Julian Fane (1827-1870)
Ad Matrem (2)
How many a year hath Time, with felon hand
Filched from the sum of my alloted days,
Alas, with no performance that may stand
In warrant of a well-earned meed of praise!
Time hath the forehead of my life belined,
And clipt my youth with his accursèd shears,
Hath made companionable Joy unkind,
And taught mine eyes the fellowship of tears.
His false hands falsely have my mind assailed,
Thence stealing many a secret of sweet pleasure;
But his foiled fingers nothing have prevailed
Against my heart--the casket of my treasure.
My love of thee preserved in its fresh prime,
I, robbed, left rich; how poor a thief is Time!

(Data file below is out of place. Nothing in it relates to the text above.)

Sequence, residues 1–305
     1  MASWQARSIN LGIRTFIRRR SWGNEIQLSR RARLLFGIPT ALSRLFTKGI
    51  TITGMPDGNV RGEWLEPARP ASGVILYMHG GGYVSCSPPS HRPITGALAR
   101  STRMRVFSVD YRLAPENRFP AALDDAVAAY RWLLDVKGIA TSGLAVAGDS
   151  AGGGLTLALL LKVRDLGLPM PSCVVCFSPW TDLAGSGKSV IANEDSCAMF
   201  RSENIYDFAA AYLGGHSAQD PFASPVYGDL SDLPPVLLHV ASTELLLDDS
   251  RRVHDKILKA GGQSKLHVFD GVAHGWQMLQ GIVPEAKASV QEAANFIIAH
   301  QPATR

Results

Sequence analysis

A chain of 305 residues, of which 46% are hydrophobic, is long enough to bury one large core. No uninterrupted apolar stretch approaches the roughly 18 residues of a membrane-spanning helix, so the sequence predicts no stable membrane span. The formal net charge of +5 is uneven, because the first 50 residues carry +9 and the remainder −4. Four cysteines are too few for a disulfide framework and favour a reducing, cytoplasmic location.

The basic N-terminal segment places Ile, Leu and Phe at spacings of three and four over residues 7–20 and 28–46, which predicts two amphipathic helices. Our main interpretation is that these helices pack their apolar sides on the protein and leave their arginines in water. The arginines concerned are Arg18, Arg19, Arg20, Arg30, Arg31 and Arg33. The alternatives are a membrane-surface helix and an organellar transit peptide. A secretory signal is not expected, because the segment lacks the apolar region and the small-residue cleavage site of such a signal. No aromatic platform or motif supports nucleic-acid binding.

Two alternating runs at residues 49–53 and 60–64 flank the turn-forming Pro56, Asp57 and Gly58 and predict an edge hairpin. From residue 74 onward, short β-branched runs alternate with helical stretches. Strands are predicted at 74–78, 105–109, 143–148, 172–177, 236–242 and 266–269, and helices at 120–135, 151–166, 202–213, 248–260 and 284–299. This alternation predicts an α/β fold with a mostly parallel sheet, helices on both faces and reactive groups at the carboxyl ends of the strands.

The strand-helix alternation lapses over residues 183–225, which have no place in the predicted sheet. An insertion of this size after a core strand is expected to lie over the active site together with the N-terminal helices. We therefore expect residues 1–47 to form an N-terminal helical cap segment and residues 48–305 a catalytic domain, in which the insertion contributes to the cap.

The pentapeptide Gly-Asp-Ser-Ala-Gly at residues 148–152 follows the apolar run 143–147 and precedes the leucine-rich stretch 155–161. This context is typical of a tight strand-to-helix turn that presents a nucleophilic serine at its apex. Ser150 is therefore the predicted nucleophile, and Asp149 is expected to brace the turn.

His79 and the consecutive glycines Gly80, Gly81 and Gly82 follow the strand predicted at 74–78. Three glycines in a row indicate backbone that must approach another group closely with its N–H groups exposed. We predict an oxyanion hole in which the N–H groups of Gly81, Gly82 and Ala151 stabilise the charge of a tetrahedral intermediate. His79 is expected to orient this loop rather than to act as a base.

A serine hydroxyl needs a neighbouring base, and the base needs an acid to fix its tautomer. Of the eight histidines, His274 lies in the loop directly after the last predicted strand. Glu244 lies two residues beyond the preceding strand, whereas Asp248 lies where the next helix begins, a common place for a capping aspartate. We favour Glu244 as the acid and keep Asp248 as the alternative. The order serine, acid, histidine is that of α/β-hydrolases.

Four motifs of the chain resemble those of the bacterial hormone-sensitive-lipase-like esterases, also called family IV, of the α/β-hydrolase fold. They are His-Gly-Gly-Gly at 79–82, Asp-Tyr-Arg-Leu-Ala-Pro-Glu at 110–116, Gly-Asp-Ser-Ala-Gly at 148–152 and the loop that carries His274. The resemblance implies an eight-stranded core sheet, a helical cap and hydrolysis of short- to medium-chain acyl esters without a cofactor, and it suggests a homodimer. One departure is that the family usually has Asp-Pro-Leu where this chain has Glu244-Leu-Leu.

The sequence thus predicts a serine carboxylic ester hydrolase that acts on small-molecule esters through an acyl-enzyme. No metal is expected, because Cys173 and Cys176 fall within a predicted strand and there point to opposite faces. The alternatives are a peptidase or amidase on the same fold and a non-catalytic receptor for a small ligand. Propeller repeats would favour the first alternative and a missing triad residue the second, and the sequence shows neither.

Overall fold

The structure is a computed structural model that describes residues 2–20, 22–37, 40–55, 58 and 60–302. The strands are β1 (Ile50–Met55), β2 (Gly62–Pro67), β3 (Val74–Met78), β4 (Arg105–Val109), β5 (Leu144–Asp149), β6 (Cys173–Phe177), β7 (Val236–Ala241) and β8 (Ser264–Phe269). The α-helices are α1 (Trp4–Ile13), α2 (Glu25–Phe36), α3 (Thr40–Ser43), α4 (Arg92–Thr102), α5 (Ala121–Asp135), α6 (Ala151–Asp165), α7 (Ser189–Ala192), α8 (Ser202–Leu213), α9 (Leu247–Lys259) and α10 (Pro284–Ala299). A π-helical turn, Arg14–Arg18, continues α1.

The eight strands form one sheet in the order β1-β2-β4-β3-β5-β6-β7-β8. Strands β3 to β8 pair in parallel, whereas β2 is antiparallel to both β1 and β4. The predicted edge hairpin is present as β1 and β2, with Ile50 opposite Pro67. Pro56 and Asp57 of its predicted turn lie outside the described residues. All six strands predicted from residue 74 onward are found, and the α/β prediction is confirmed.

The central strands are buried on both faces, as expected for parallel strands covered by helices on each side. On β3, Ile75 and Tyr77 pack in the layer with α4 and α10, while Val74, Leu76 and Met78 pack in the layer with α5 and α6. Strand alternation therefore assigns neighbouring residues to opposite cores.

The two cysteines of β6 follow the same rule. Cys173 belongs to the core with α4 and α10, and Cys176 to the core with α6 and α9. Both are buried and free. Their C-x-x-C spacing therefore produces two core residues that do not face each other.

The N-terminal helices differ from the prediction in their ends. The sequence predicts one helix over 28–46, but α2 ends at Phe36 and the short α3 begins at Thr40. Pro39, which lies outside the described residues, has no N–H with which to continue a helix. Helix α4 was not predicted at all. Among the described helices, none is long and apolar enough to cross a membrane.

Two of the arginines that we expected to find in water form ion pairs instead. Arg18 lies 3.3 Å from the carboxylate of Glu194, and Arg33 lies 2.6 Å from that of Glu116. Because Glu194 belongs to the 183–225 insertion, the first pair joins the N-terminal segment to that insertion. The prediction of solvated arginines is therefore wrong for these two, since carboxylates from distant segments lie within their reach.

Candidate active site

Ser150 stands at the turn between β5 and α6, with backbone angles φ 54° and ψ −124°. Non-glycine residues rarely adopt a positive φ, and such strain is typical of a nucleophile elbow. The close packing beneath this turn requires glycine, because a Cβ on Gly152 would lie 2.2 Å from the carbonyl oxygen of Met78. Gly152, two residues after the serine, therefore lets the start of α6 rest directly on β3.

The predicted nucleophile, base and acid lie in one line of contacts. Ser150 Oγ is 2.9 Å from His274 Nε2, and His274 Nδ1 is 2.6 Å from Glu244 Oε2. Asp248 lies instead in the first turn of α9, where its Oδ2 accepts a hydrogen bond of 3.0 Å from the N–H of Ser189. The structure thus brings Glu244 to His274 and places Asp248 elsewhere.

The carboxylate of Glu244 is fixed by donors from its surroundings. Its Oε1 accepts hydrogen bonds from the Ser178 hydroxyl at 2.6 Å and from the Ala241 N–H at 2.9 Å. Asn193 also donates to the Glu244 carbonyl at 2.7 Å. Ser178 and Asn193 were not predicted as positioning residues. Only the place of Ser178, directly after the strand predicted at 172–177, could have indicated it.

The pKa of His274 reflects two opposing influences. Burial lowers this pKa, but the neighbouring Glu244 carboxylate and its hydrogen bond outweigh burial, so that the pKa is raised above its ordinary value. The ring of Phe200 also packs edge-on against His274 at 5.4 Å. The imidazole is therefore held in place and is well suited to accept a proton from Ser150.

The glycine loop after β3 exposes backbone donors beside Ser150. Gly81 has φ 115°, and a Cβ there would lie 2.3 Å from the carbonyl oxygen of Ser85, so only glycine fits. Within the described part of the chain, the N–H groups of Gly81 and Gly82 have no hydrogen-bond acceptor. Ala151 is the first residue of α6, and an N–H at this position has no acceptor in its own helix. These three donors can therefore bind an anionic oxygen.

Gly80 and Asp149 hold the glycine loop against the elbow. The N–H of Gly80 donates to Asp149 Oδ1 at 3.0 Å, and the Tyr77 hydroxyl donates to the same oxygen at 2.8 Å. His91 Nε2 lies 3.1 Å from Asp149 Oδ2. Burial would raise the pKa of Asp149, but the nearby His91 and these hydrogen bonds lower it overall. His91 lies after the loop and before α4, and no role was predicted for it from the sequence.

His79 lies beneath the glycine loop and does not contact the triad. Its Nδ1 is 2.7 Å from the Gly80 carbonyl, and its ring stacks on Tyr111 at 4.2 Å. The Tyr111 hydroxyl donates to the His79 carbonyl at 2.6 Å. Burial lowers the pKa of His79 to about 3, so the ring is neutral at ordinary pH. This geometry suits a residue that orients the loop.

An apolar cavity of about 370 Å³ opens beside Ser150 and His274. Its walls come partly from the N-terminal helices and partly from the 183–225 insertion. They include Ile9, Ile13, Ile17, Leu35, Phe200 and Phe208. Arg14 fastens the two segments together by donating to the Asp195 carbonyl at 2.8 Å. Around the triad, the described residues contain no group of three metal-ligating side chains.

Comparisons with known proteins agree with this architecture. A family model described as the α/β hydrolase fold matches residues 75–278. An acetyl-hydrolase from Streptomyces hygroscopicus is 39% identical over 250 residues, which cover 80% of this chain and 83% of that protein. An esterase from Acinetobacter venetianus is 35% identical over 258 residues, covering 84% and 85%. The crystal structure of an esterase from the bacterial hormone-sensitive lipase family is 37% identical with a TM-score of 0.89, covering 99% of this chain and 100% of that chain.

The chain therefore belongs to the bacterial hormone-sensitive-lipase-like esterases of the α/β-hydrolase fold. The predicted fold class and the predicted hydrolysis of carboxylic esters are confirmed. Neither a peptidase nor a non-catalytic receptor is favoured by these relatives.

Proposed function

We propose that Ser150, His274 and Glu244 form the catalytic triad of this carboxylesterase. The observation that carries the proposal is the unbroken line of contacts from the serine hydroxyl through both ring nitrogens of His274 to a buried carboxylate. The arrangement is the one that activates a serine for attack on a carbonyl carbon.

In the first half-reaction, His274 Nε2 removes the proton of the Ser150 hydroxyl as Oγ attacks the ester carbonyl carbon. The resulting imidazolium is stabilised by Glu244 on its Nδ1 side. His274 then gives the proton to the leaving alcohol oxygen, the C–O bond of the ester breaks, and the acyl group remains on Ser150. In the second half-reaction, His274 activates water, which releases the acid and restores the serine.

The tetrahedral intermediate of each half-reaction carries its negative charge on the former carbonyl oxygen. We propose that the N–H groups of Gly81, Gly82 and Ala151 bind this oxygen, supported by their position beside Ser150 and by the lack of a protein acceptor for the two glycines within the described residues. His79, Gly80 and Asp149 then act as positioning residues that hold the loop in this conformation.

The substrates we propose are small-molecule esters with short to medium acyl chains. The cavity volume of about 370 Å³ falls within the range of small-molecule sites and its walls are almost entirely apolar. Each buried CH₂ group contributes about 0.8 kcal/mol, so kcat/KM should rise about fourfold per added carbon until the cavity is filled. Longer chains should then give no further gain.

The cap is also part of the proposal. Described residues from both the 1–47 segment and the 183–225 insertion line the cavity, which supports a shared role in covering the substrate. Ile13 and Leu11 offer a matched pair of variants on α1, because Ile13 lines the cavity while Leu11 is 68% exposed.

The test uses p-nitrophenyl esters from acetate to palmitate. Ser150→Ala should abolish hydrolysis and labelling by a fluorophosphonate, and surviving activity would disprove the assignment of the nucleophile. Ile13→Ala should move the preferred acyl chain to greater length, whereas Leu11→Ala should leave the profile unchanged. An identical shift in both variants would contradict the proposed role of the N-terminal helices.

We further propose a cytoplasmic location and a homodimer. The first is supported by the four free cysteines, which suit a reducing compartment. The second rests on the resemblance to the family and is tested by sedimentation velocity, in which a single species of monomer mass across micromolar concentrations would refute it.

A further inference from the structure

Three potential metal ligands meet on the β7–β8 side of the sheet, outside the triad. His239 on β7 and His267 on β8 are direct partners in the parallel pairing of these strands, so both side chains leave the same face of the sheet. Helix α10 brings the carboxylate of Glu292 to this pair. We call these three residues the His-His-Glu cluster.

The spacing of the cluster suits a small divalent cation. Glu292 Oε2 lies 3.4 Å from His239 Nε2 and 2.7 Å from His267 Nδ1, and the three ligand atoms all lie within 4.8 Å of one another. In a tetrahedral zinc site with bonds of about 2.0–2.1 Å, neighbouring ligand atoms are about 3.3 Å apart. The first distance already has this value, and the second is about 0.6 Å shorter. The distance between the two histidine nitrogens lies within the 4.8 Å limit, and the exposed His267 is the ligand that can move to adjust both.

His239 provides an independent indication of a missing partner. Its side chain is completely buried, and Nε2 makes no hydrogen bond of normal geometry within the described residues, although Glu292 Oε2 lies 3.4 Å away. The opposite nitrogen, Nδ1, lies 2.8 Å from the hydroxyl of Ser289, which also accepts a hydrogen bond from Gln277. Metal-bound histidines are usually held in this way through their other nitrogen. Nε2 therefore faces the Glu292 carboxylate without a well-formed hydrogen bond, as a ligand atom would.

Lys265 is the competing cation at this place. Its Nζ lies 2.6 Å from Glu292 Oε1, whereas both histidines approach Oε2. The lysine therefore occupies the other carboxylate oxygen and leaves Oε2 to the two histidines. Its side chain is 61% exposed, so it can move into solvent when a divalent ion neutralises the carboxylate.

O visioned face, unutterably fair,
How oft when blackness muffled up the night,
And tempest-laden was the surcharged air,
Nor any hope appeared of starry light,
How often, lucent as the full-faced moon,
When suddenly she rends the clouded fleece,
Hath thy sweet influence, like an unhoped boon,
Turned dark to bright, and tempest into peace!
Queen of my night of sorrows hast thou been,
Whose countenance of good all evil mars,
Knowing to crown with hopeful light serene
Earth's darksome vault when most forlorn of stars,
And to convert clouds bodeful of despair
To silver-suited omens good and fair.
The Golden Book of English Sonnets